A British family on their way to Disneyland were barred by US officials from boarding a plane at London's Gatwick airport and removed from the airport.
The news that the family of 11 was removed with no explanation and no refund for tickets costing more than $13,000 has sparked accusations of Islamophobia and calls for the UK prime minister to step in.
The group had been granted the travel authorization required for all British citizens to travel to the US ahead of a planned trip to visit family and theme parks in southern California.
But while they were waiting in the departure lounge — and after they had checked in — US Department of Homeland Security officials told them they would not be allowed to travel, while providing no explanation as to why.
Mohammad Tariq Mahmood, one of the family members who was turned away, told the Guardian the reason it happened was "obvious." "It's because of the attacks on America — they think every Muslim poses a threat," he said.
Mahmood was traveling with his brother and nine of their children, who he said had been counting down the days to the trip and were devastated.
The airline had told them that they would not be refunded the $13,340 cost of their flights, and they were also forced to return all the items they had bought at duty-free shops before being escorted from the airport.
"I have never been more embarrassed in my life," Mahmoud told the paper. "I work here, I have a business here. But we were alienated."
'Online and offline discussions reverberate with the growing fear that UK Muslims are being "trumped" — that widespread condemnation of Donald Trump's call for no Muslim to be allowed into America contrasts with what is going on in practice'
Mahmoud told the BBC he had accepted that being stopped and asked questions was a part of the flying experience for him as he has "a beard and sometimes wear[s] Islamic dress."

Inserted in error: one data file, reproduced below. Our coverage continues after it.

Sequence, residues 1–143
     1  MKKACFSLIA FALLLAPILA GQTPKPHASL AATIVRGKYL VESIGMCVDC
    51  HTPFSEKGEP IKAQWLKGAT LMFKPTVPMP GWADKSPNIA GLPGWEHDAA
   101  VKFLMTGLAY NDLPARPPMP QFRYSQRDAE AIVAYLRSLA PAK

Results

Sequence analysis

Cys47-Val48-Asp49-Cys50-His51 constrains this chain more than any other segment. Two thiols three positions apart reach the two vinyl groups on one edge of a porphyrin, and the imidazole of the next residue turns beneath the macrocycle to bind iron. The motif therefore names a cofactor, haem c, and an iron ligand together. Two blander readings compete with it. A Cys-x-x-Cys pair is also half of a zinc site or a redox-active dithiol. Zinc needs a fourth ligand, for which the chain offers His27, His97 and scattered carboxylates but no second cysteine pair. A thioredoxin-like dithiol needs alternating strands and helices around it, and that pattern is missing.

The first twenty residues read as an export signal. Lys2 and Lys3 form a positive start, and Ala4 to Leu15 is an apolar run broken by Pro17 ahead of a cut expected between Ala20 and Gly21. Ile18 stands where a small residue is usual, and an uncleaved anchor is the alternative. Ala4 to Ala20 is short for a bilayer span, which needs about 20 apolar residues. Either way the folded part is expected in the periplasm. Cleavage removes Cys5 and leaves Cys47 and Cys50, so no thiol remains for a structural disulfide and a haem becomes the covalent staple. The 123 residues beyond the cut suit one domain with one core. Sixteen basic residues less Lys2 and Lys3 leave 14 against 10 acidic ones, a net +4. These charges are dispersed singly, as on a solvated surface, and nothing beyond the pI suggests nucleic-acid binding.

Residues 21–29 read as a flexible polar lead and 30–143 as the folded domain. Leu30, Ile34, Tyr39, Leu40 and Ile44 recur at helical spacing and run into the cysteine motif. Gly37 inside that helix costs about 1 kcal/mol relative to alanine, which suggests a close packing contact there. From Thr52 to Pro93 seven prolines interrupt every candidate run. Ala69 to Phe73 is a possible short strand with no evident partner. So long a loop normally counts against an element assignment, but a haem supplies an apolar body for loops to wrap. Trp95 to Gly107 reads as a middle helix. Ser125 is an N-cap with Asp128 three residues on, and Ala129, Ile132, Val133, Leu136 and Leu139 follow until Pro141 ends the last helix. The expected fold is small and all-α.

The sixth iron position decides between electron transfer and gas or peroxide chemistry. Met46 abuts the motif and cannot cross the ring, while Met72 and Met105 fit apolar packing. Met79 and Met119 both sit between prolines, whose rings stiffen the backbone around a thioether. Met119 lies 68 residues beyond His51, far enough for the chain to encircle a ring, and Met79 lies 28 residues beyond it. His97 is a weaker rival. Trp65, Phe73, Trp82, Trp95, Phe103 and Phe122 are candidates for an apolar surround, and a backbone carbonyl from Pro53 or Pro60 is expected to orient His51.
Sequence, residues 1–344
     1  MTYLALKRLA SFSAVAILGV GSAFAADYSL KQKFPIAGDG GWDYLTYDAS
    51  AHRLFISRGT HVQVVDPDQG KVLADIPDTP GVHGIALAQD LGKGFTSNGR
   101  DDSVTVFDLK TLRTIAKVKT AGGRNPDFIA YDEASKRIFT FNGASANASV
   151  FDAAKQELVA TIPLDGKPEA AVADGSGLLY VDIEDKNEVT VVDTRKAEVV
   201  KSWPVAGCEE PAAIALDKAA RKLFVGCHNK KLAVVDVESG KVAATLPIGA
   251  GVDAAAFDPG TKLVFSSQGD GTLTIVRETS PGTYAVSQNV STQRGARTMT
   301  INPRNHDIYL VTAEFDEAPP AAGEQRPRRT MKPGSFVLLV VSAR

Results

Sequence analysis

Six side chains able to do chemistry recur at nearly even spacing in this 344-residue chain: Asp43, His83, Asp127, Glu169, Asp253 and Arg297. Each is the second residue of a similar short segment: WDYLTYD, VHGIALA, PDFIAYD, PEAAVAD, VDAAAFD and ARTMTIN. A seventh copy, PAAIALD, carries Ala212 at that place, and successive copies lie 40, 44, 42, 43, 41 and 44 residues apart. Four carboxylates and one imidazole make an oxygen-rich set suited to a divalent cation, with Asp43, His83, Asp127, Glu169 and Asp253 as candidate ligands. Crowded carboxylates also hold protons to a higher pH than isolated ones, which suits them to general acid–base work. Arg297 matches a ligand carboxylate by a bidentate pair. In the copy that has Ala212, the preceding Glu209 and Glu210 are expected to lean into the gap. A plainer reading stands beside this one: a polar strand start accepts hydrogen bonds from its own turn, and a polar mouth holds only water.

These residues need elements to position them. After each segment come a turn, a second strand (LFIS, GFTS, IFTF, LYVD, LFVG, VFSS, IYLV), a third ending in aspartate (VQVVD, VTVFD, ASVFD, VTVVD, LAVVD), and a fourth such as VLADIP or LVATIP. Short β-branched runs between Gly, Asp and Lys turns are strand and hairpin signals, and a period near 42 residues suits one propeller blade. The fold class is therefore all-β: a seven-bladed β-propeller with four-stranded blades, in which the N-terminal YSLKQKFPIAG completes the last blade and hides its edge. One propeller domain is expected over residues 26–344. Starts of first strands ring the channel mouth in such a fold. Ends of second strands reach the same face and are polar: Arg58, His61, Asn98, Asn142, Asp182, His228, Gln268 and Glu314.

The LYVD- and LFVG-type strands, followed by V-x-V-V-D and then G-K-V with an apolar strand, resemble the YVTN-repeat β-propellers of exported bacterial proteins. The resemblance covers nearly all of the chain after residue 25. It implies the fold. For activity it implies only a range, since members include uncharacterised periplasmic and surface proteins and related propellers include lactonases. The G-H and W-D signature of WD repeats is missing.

But "the fact that we were the only ones who were of Asian or Muslim appearance, it seemed embarrassing that only we were the only ones taken out of the queue," he said. "For the children to take this in is very difficult."
MP Stella Creasy, whose Walthamstow constituency the family lives in, said British Muslims being barred from the US for no reason was a "growing problem" and called on Prime Minister David Cameron to do something.
She said she was in contact with at least one other constituent who had a similar experience, and had hit a "brick wall" in her attempt to get answers from the US embassy in London.
"Online and offline discussions reverberate with the growing fear that UK Muslims are being 'trumped' — that widespread condemnation of Donald Trump's call for no Muslim to be allowed into America contrasts with what is going on in practice," Creasy wrote.
Brits needed to do more than just critique opinions such as Trump's, she said, as they were not just an issue in the US. "It's happening on British soil, at our airports and involving our citizens and challenging their sense of place in our society too," she said.
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